The big issue I had with mine (as did many other owners at that time) was the failure to eject where the case just kinda flopped out and often just staying in the chamber. This was especially so with BX15 mag. I though it was the ejector in the mag assembly that wasn't working properly, and manged to get it to do the ejecting, though still rather weak. I had to bend the ejector spring so that it held the case more firmly when extracting and that helped with the ejection too. But, I found out that when the mag is in the mag assembly, it's the mag that is designed to eject the case and not the ejector. So, I looked and found that the reason my mags weren't doing the job was because the mag assembly wasn't holding the mag high enough. A little shimming under the mag assembly raised it up enough so that now ejection is consistent, though still somewhat weak.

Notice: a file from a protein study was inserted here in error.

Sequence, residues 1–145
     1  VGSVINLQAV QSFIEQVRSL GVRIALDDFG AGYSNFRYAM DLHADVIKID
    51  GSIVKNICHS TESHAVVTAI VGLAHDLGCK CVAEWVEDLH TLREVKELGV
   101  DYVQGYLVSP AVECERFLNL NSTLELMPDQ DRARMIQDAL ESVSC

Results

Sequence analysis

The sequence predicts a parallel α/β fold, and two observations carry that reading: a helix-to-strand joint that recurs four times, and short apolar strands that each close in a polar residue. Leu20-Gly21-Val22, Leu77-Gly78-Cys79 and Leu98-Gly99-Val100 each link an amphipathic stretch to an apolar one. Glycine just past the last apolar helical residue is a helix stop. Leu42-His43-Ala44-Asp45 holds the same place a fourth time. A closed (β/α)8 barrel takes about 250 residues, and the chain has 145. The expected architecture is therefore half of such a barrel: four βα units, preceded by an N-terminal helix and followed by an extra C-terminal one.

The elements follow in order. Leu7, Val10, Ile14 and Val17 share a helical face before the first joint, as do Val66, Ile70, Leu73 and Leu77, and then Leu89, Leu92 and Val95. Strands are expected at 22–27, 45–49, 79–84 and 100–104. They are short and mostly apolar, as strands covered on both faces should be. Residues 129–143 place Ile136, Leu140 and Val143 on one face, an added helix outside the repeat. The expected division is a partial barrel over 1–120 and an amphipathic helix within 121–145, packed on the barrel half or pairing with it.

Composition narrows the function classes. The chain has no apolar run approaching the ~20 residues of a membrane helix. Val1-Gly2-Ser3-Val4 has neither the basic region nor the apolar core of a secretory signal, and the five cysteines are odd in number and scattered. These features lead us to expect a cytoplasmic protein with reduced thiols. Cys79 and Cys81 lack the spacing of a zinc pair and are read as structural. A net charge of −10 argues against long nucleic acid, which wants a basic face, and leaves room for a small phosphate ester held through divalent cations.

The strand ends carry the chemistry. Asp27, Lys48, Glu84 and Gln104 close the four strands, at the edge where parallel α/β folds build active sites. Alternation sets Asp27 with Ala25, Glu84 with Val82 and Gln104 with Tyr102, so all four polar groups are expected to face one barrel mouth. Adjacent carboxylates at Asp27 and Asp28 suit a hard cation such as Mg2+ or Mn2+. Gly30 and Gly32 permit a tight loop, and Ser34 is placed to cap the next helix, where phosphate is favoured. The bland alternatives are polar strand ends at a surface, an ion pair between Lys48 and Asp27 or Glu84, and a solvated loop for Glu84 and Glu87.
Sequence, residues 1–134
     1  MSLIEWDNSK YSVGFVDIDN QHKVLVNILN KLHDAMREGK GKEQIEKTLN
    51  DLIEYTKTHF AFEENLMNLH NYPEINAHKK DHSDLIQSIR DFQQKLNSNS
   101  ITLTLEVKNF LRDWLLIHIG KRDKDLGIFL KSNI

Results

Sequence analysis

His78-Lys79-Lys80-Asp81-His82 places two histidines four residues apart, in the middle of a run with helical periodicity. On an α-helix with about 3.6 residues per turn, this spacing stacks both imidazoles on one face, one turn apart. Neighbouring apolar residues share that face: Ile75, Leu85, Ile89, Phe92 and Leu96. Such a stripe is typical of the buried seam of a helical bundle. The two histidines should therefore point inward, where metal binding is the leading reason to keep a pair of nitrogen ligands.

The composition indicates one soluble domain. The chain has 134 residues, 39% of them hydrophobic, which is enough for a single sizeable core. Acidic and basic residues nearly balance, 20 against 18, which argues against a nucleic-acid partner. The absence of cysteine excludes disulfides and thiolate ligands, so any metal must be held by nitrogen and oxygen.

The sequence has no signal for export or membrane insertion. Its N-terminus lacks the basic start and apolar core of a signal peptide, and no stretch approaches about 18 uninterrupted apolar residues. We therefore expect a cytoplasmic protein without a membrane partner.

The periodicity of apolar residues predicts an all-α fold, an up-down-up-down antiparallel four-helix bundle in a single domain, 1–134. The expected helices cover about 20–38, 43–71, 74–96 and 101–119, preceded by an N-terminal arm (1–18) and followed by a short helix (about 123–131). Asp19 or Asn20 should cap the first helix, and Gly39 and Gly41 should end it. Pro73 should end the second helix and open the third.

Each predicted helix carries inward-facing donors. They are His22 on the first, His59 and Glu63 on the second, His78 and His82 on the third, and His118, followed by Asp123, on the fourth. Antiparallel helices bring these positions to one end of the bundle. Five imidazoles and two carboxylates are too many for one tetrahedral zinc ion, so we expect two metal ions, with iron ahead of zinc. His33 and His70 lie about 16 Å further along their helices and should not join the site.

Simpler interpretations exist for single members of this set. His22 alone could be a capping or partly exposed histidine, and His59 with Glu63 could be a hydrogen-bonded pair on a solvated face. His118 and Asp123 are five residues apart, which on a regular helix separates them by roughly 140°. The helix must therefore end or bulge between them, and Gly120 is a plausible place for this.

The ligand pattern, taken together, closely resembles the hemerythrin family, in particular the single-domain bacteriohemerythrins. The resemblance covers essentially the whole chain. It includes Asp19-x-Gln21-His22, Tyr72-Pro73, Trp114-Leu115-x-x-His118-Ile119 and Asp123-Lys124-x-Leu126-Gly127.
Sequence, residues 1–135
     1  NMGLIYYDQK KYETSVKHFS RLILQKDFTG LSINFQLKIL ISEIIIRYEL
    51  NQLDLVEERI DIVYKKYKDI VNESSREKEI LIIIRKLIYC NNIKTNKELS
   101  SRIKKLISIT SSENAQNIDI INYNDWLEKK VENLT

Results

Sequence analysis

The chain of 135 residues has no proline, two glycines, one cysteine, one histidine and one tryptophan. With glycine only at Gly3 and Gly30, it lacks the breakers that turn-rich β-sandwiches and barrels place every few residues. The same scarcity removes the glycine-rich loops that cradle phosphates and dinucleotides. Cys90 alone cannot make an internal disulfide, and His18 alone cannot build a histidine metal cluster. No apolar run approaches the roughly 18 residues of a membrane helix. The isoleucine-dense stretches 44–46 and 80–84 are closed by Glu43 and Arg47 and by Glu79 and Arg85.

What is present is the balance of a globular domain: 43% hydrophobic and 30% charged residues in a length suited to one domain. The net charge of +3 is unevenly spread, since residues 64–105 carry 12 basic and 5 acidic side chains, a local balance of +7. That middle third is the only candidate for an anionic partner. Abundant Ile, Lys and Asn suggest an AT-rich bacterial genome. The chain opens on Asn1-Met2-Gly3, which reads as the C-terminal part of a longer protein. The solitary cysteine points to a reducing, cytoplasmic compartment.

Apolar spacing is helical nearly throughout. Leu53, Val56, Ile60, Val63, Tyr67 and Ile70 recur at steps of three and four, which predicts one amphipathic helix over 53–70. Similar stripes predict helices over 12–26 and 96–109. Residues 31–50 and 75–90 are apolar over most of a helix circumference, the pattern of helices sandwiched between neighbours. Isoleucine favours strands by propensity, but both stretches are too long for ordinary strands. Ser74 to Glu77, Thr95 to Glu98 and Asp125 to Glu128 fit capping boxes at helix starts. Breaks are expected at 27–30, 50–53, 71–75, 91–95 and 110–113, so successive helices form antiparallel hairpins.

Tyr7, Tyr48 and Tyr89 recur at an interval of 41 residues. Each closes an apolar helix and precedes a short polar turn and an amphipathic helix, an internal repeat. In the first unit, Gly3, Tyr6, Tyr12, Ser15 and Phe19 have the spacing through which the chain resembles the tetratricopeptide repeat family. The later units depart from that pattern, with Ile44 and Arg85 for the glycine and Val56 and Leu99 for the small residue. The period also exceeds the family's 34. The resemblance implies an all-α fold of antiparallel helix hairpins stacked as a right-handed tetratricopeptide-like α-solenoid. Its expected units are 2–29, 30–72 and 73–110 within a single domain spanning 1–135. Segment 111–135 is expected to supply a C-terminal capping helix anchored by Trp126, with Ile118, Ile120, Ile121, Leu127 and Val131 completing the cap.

Accuracy wise, after a few hundred rounds the groups tightened up nicely (relative to .22 LR ammo) and once I found the ammo that factory barrel liked best, I'm please with the gun. When I bought the gun, I had plans right off for swapping out the barrel since the factory barrel is a "target" barrel rather than a "match" barrel. So, I did that after about 1000 rounds with a Shaw barrel and have liked that result.

    A lot of people don't like the stock being "plastic" and I think there's some good reason for that in that putting much pressure on a cheek weld really seems to affect accuracy a lot. I get best consistency when hardly touching the stock.

    To match the set up like on on my RPR, I replace the grip of like kind that helped eliminate imparting any twist movement in my trigger pull. And, I removed the trigger tension spring to bring my over all pull to under 1# like my center fire gun. These changes made good improvements for me.